The dieticians and wellness coaches at the Mayo Clinic Healthy Living Program have put together some common myths about weight loss. 

Myths from the Mayo Clinic:

Myth #1: Losing weight fast means you'll regain it

Many people will start with a bigger weight loss at first, and then slow down in their weekly losses. This can be because of drastic changes in diet and calories, water weight and that super restrictive diets are hard to keep up. Make it about the lifestyle change.

Myth #2: Snacks make you gain weight

Depends on what you are snacking on, how often and how much. Eating every 2-3 hours with the right types of foods high in fiber and nutritional content and with the right portion size is key.

Myth #3: Adding muscle is an effective weight loss strategy

We recommend strength training at least 2 times per week. Measure more than just your weight. Tracking measurements around your arms, thighs and waist can be a good way to start. Adding in strength training can boost that metabolism as we get older (and softer).  

Myth #4: It's tough to keep weight off because losing it slows metabolism

As we age our metabolism slows down, but so does the amount of muscle we have, as well as our activity levels. Boost that metabolism by adding in the strength training and cardio activity to get the heart rate up. Shoot for at least 30 minutes per day, 5 days a week.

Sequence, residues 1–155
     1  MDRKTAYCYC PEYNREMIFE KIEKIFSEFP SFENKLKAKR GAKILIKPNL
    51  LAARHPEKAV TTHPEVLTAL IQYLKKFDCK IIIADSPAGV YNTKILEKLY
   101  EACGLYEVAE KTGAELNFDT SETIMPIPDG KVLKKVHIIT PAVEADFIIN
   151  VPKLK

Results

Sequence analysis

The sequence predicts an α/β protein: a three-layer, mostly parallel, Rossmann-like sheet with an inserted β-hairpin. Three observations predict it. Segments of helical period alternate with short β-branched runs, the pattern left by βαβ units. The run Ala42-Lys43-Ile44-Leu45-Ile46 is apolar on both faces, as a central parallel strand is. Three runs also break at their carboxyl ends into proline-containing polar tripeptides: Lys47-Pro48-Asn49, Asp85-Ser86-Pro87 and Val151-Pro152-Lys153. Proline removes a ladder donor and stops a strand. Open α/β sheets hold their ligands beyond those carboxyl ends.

Myth #5: Diet soda helps cut calories

There is more research now which shows people actually consume more calories when they drink artificial sweeteners in diet soda. Switch to water - sparkling or fruit flavored waters are a great option.  

Myth #6: You can lose weight with exercise alone

Weight loss is 80% nutrition and diet, and 20% activity. Both are important, but without watching your food intake those pounds will never come off.

Tips from Dr. Sasson: 

Myth #7: Drinking water isn’t critical to weight loss

Many times people will go to the pantry and snack, when in fact they are thirsty. Set a water goal for the day, and drink some water before you walk to get that snack. It may fill you up and decrease your calorie intake at the same time.

Myth #8: Eat your heaviest meal in the evening

Front-loading those calories during the day when you can burn them off may be a better option. Many people will eat a heavy dinner at night and skip lunch or breakfast. Switch it up and eat your heaviest meal for breakfast or lunch.

Myth #9: You need to exercise for 30 full minutes to get health benefits

The physical activity guidelines just changed. You can work out in five six-minutes blocks if that works best for you. Get in a total of 30 minutes of moderate exercise at least five times per week.

Follow 9NEWS Medical Expert Dr. Comilla Sasson on Facebook and Twitter. Have a medical question or health topic idea? Email Dr. Comilla at c.sasson@9news.com